Silent Spring Revolution
Douglas Brinkley, Silent Spring Revolution: John F. Kennedy, Rachel Carson, Richard Nixon, and the Great Environmental Awakening. New York: HarperCollins Publishers, 2022.
One of historian Douglas Brinkley’s “fortes,” as he puts it, is presidential history, and one project has been to focus on the conservation and environmental records of presidential players in 20th century America. In The Wilderness Warrior: Theodore Roosevelt and the Crusade for America he recounts how conservation emerged during the progressive era and was vigorously advanced during TR’s administration. Next, he wrote Rightful Heritage: Franklin D. Roosevelt and the Land of America, focusing on the conservation and public lands records of the second President Roosevelt’s administration, a side of FDR’s achievements less covered in biographies and histories than his battles against the Great Depression and his leadership in World War II. In Silent Spring Revolution, Brinkley widens his lens to include Presidents Kennedy, Johnson, and Nixon in a single book pointing out that while these presidencies are not generally considered as historically significant in the realm of conservation as the Roosevelt’s, they made important contributions and, at least collectively, should be. In these big books Brinkley tells stories that will help 21st century Americans understand how and why their environment is where it is today
The context of the conservation story told in Silent Spring Revolution was certainly different than the earlier episodes, and Brinkley emphasizes this. His account covers what he and other historians call the “Long Sixties,” from 1960 – 1973, and his treatment reaches back to the Truman administration, which did little for conservation, and forward to the present, occasionally reflecting on how earlier environmental politics played out in following decades. Part I, titled “Protoenvironmentalists (1945-1959) explains this context. WWII brought the atomic age and the nuclear arms race which, as he explains, resulted in a “Radiated America” as radioactive fallout spread across the nation and globe from atmospheric nuclear testing. “Between 1945 and 1992, the United States conducted 1,054 nuclear tests, 216 of them in the atmosphere.” He describes how Rachel Carson, Aldo Leopold, and Barry Commoner, among others, advanced an ecological perspective with Carson’s spectacularly successful and controversial book Silent Spring bringing it widely to the public’s attention. She explained how radioactivity and especially chemical pesticides were compromising natural systems across America and Earth. Brinkley traces the influence of Carson throughout the book, crediting her body of work, especially Silent Spring, as the major influence on the “Revolution” that became environmentalism.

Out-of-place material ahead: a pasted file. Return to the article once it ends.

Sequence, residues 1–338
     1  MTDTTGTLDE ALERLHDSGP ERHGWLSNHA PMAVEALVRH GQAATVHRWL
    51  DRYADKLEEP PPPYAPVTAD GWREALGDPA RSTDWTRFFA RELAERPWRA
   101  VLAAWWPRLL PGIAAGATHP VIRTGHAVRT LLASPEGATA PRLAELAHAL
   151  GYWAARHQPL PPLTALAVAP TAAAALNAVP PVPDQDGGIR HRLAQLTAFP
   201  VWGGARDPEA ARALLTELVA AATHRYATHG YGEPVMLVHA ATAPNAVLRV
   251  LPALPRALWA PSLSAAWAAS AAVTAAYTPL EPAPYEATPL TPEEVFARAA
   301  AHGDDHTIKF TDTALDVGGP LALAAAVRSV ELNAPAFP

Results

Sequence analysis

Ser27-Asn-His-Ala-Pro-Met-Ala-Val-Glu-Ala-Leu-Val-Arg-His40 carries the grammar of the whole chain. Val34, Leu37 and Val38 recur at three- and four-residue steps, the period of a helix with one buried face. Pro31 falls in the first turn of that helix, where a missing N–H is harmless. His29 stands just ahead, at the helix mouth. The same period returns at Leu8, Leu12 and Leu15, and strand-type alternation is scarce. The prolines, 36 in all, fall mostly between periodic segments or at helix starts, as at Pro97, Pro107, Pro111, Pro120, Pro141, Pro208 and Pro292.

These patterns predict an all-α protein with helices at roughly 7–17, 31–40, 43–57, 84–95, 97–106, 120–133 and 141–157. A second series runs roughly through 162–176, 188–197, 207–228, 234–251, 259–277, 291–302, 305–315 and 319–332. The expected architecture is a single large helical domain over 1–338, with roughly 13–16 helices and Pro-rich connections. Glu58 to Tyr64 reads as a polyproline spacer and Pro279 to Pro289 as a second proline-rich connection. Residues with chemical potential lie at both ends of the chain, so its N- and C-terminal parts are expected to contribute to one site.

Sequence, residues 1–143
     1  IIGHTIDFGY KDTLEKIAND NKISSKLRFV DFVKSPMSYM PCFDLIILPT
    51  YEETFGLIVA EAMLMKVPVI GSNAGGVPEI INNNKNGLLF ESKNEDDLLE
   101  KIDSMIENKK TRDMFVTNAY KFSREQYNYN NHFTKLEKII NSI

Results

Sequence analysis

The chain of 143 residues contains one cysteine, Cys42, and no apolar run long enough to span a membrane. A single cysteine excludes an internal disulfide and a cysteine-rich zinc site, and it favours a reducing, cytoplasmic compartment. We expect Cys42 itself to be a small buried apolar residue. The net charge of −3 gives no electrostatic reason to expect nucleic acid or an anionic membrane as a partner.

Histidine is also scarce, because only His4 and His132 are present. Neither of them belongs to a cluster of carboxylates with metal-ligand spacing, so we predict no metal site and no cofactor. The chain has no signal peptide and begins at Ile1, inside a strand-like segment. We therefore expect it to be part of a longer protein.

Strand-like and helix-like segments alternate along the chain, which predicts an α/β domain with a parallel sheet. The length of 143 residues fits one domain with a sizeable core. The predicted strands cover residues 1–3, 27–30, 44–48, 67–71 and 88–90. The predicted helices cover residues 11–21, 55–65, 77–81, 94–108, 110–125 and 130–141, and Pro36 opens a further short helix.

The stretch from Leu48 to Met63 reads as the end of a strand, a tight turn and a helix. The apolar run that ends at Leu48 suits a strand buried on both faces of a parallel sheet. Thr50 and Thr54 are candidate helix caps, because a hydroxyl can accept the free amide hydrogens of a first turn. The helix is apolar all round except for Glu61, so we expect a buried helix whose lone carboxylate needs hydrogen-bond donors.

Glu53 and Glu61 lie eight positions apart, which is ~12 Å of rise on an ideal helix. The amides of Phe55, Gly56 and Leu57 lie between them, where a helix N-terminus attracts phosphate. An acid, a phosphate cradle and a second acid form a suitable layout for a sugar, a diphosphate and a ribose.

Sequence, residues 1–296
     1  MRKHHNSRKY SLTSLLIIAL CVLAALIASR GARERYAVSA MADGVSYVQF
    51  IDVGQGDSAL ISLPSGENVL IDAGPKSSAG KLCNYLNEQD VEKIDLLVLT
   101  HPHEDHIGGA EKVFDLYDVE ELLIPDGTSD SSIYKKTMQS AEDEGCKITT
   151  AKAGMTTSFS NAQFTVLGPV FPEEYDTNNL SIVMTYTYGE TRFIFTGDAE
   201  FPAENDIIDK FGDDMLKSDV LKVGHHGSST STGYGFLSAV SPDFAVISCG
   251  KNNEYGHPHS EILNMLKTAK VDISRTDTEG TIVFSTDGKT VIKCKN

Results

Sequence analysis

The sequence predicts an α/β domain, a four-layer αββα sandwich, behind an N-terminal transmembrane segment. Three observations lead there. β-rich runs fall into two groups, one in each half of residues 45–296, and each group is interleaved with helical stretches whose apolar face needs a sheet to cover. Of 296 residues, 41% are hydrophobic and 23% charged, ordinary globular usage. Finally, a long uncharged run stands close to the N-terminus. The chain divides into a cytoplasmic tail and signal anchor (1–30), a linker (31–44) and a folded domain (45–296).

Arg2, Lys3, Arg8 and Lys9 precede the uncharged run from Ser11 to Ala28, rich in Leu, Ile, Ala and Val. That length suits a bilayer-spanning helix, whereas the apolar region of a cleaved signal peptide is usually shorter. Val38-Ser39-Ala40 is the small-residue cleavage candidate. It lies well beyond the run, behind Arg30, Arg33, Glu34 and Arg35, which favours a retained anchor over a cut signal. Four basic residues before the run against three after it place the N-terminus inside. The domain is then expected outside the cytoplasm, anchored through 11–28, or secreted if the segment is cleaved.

This period was one of transition in many ways. One was in the very definition of what activists working on environmental issues were concerned about. Brinkley describes the battles over building dams in Dinosaur National Monument and creation of a federal National Wilderness Preservation System. Key players in those fights were Howard Zahniser of The Wilderness Society, and David Brower of the Sierra Club. He writes,
As Zahniser and Brower saw it, by the late 1950’s, the term conservation, so closely identified with Theodore and Franklin Roosevelt, had lost its power to move people to action. They were protoenvironmentalists, postwar Americans who had a new ecological awareness that the Earth was being ransacked, polluted in myriad ways and at an alarming rate. Not all activists, no doubt, agreed on tactics. There was the wilderness faction of preservationists, who wanted to ban roads in pristine parts of the federal lands. There was the Mission 66 national parks crowd, who wanted new units added to the Interior Department system, with plenty of amenities provided for tourists. The so-called hook-and-bullet outdoors types … were determined to protect wildlife so humans could continue to hunt and fish. Some forester types continued to latch on to Gifford Pinchot’s maxim that sustainable natural resource development meant “the great good for the greatest number of people.” It was between 1965 and 1975, when mass concern in the United States, Canada, and western Europe arose, that the inclusive terms environmentalism, environmentalist, and the environment took firm hold and became commonplace in the public square. All types of people on the range of “green” activism used them, with core understanding that an environmentalist cared about the Earth – a lot.